Where’s the money?
Published 12:01 am Monday, February 25, 2008
NATCHEZ — While the U.S. Congress has until March 15 to pass the 2008 farm bill, the average farming operation has to plug on while they wait.
A version of the bill has passed both the house and the senate, but a joint committee has to work out a compromise bill before it can be sent to the president for signing.
“Everybody is on hold to see what the farm bill is going to be,” Natchez farmer W.D. Rives said. “It’s time to farm and we don’t have a farm bill.”
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The goal of the farm bill is first and foremost to make sure there is an ample food supply for the United States and an affordable cost to the consumer, Adams County Extension Service Director David Carter said.
One way the bill does this is through farm subsidies to help producers keep their costs down.
“In terms of what farmers are doing right now, without the farm bill it would be hard on a lot of farmers,” Carter said.
This year, one of the versions of the bill adds conservation subsidies for farms to encourage them to plant trees or take other measures to improve air and water quality, Carter said.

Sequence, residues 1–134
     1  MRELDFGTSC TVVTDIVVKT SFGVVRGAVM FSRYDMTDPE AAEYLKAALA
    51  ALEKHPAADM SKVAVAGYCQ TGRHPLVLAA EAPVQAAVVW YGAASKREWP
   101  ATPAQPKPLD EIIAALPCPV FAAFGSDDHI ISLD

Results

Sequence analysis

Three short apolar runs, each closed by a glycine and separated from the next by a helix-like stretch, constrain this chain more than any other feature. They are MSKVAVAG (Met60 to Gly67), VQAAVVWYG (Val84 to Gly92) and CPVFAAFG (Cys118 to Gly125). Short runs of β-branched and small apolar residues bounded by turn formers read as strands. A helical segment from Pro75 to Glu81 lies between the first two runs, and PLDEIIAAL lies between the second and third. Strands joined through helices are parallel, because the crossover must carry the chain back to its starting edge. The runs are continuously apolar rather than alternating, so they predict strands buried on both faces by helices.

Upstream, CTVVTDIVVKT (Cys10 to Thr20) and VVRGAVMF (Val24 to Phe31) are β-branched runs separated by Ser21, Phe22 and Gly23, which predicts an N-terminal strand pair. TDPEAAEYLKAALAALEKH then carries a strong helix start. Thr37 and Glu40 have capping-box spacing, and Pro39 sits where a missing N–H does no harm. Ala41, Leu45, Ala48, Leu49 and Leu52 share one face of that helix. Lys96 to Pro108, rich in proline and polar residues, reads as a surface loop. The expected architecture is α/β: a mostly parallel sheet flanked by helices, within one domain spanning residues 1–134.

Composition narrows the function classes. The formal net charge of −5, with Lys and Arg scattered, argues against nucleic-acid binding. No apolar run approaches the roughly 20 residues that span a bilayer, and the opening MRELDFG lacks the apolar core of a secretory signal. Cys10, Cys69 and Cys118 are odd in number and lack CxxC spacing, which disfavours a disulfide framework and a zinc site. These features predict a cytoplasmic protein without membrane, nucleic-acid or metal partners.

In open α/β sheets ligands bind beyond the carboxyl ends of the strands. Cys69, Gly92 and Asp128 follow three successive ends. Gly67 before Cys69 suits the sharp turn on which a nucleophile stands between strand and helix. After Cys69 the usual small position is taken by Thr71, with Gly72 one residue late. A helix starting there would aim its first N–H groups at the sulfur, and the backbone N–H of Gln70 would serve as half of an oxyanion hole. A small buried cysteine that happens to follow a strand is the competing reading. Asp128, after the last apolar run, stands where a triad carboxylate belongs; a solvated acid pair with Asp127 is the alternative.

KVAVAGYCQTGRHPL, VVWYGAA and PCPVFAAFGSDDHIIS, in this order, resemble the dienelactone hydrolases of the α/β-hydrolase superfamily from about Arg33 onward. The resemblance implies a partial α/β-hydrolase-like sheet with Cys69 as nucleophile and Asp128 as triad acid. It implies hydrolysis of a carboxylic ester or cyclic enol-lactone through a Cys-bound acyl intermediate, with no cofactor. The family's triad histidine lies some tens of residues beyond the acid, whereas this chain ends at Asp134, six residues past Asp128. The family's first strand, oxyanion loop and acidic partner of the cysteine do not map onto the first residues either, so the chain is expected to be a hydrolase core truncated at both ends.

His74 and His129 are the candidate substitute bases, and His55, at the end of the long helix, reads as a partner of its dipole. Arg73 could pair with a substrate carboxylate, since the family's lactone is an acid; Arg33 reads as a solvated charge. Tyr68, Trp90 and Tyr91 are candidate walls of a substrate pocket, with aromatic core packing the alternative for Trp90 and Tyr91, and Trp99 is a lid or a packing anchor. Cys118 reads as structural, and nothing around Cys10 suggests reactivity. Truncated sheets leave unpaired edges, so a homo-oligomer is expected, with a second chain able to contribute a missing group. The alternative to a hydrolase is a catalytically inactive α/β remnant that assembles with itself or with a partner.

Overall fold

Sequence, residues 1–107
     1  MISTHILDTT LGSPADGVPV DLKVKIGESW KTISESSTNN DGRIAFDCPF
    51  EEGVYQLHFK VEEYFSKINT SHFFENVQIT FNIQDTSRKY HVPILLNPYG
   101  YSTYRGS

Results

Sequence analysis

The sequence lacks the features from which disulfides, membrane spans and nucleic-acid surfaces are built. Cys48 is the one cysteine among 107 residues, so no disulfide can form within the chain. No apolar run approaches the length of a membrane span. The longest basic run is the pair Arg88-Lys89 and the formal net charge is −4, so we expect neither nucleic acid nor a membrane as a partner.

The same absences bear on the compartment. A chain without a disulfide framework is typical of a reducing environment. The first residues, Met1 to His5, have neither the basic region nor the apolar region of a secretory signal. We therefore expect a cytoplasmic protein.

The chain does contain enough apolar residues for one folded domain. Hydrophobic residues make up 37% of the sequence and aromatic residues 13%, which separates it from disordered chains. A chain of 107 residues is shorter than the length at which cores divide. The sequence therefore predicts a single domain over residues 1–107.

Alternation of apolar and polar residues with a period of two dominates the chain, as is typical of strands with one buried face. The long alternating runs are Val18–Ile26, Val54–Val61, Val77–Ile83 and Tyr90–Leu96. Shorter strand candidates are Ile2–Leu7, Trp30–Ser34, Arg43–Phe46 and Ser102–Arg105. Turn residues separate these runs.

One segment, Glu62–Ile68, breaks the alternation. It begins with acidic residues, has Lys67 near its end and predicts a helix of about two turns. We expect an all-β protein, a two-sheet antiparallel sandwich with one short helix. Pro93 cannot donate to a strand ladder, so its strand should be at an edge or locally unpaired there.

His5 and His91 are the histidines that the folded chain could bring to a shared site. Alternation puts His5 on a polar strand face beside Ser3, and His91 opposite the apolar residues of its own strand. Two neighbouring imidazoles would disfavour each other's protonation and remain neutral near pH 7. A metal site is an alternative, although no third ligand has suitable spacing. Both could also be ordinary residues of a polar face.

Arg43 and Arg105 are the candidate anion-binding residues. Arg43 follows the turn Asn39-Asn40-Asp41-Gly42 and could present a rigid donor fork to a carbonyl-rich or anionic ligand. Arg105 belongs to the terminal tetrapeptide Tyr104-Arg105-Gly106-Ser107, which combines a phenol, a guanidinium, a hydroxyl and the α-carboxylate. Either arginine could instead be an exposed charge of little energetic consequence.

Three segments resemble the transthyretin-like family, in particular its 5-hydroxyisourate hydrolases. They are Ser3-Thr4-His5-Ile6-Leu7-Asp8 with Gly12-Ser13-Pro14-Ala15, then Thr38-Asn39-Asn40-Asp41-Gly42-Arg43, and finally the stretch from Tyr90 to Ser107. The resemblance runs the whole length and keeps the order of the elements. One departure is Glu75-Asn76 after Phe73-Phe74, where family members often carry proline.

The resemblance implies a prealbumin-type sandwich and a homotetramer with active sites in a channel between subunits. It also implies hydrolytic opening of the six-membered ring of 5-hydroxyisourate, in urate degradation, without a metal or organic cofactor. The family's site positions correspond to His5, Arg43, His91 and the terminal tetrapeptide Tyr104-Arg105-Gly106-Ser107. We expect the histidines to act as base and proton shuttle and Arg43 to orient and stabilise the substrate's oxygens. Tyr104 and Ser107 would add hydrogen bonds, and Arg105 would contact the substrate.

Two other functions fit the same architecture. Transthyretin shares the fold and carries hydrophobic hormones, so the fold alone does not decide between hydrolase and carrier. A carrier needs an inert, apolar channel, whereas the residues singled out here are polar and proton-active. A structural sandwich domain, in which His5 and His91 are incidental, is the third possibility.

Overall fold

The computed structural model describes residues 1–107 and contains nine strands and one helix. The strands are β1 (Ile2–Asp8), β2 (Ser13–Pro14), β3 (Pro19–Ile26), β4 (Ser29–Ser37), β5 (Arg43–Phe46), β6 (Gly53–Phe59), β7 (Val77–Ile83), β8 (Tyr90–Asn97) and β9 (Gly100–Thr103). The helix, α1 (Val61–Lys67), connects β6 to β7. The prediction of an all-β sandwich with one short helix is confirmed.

But it is some of the other proposed changes to the bill that Rives is watching for.
“Some of biggest things are going to be payment limitations,” Rives said.
Under the present farm bill, an operation can receive up to $40,000, but if the gross adjusted income of the producer is $2.5 million or more they are not eligible for the program.
The new proposal is to lower the gross adjusted income limit to $200,000, Rives said.
“That would affect a lot of farmers,” he said.
Another change Rives said might affect a lot of farmers is the proposed removal of a provision that allows some producers to participate in a farm bill program as both an individual and as a part of a farming entity.
Regardless of where the farm bill stands, farmers are going to have to start planting, and Rives said his farm would begin planting corn in March like always.
As for Monterey farmer Tim Poole, the lack of progress in Congress isn’t going to have much of an effect on him.
“We went ahead and planted as usual,” Poole said. “We don’t get a bunch of program money anyway.”